Furthermore, participants noted that increased job stress is a major factor across global regions and the need to address mental health and other stress-related issues is on the rise. Some respondents also noted that people with disabilities are entering the workforce resulting in a growing need for expert OM advice on whether impaired individuals meet the disability provisions in a given nation.

Several survey participants also commented on the growing burden of occupational injury and disease from migrant or seasonal workers. Addressing this unmet need and integrating the health and safety of migrant workers will continue to be a challenge for OM. In addition, participants noted that increasing the provision of OM services to small employers and remote and/or rural workforces will be a growing challenge.

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Challenge 2: OM Manpower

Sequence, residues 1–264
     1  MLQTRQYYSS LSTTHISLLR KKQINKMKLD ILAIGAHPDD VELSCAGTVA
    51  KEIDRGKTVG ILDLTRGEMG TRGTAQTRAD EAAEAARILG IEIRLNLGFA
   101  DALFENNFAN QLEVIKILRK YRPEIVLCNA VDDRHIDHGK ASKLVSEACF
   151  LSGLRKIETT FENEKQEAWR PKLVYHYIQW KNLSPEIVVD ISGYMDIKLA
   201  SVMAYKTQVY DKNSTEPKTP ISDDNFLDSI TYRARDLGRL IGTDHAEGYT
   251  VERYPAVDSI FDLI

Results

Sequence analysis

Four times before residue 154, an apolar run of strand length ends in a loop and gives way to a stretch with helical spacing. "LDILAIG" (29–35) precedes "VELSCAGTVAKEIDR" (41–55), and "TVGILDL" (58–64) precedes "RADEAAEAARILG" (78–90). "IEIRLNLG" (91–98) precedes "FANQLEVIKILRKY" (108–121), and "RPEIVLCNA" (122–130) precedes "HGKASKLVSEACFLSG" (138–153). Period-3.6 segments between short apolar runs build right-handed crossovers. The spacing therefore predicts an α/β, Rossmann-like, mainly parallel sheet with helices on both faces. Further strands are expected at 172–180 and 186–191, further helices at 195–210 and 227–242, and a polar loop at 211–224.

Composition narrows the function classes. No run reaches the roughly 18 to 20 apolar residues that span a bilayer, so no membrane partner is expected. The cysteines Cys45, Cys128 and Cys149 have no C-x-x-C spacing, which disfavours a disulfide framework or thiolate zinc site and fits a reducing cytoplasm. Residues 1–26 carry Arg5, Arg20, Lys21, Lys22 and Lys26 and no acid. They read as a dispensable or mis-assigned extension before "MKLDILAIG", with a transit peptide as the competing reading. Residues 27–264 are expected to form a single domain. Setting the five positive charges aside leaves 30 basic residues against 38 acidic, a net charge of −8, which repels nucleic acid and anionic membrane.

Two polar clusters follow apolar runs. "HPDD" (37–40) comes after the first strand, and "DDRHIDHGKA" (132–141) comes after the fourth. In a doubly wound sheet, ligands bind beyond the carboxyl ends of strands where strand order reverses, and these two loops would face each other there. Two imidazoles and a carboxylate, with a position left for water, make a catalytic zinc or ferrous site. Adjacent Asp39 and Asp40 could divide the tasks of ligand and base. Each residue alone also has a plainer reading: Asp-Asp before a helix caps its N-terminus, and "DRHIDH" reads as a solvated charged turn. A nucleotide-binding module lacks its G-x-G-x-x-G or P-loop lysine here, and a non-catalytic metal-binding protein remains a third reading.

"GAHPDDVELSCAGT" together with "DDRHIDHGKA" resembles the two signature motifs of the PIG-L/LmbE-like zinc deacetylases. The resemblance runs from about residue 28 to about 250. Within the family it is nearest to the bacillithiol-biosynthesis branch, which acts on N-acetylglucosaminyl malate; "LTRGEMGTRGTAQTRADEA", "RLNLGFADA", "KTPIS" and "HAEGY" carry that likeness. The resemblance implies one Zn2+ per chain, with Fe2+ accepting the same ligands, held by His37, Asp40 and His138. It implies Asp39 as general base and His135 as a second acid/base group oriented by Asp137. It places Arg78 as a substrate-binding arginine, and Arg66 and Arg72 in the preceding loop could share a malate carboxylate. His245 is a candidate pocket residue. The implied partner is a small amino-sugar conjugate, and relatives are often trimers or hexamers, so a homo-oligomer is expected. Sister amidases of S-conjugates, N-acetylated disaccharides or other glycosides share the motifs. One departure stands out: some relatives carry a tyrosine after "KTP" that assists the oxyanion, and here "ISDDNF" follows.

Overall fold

As noted previously, survey participants strongly agreed that the number of OM physicians is not sufficient to meet current demand and with the changing complexity of workforce health/safety issues, this demand will only grow. In most of the countries surveyed, OM training is lacking at the undergraduate level, and it is difficult to attract residents into the specialty. An additional concern is the aging of the OM specialist: many survey participants indicated that 40% or more of the OM specialists in their countries are over age 50, and with fewer OM trainees, the shortage of OM specialists is likely to accelerate. Survey participants commonly expressed the belief that promotion of OM as a career to medical students and residents is paramount in order to meet the future needs of the specialty. Determining how best to meet the OM needs of employers and workers is a continuing challenge for countries worldwide.